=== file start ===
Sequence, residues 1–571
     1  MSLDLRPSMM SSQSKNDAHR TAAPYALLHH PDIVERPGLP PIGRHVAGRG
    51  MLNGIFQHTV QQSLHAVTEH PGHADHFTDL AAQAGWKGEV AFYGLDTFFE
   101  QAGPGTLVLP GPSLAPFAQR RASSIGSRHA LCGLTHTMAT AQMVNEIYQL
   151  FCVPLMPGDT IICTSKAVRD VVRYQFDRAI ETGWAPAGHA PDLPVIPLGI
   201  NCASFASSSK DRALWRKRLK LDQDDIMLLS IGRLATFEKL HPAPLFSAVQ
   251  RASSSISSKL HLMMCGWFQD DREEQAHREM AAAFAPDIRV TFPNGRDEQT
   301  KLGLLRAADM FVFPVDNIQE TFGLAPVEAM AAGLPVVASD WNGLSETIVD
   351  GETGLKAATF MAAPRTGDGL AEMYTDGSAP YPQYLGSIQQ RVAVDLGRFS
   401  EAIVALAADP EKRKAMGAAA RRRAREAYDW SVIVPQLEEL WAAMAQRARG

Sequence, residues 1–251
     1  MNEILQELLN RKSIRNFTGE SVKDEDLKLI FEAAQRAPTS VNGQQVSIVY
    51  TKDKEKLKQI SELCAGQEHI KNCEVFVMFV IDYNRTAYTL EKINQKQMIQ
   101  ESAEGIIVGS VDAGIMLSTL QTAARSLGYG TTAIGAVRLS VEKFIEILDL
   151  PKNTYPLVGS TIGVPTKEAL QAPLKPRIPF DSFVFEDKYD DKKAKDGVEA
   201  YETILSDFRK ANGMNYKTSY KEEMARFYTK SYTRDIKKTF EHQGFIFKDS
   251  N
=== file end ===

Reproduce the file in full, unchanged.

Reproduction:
Sequence, residues 1–571
     1  MSLDLRPSMM SSQSKNDAHR TAAPYALLHH PDIVERPGLP PIGRHVAGRG
    51  MLNGIFQHTV QQSLHAVTEH PGHADHFTDL AAQAGWKGEV AFYGLDTFFE
   101  QAGPGTLVLP GPSLAPFAQR RASSIGSRHA LCGLTHTMAT AQMVNEIYQL
   151  FCVPLMPGDT IICTSKAVRD VVRYQFDRAI ETGWAPAGHA PDLPVIPLGI
   201  NCASFASSSK DRALWRKRLK LDQDDIMLLS IGRLATFEKL HPAPLFSAVQ
   251  RASSSISSKL HLMMCGWFQD DREEQAHREM AAAFAPDIRV TFPNGRDEQT
   301  KLGLLRAADM FVFPVDNIQE TFGLAPVEAM AAGLPVVASD WNGLSETIVD
   351  GETGLKAATF MAAPRTGDGL AEMYTDGSAP YPQYLGSIQQ RVAVDLGRFS
   401  EAIVALAADP EKRKAMGAAA RRRAREAYDW SVIVPQLEEL WAAMAQRARG

Sequence, residues 1–251
     1  MNEILQELLN RKSIRNFTGE SVKDEDLKLI FEAAQRAPTS VNGQQVSIVY
    51  TKDKEKLKQI SELCAGQEHI KNCEVFVMFV IDYNRTAYTL EKINQKQMIQ
   101  ESAEGIIVGS VDAGIMLSTL QTAARSLGYG TTAIGAVRLS VEKFIEILDL
   151  PKNTYPLVGS TIGVPTKEAL QAPLKPRIPF DSFVFEDKYD DKKAKDGVEA
   201  YETILSDFRK ANGMNYKTSY KEEMARFYTK SYTRDIKKTF EHQGFIFKDS
   251  N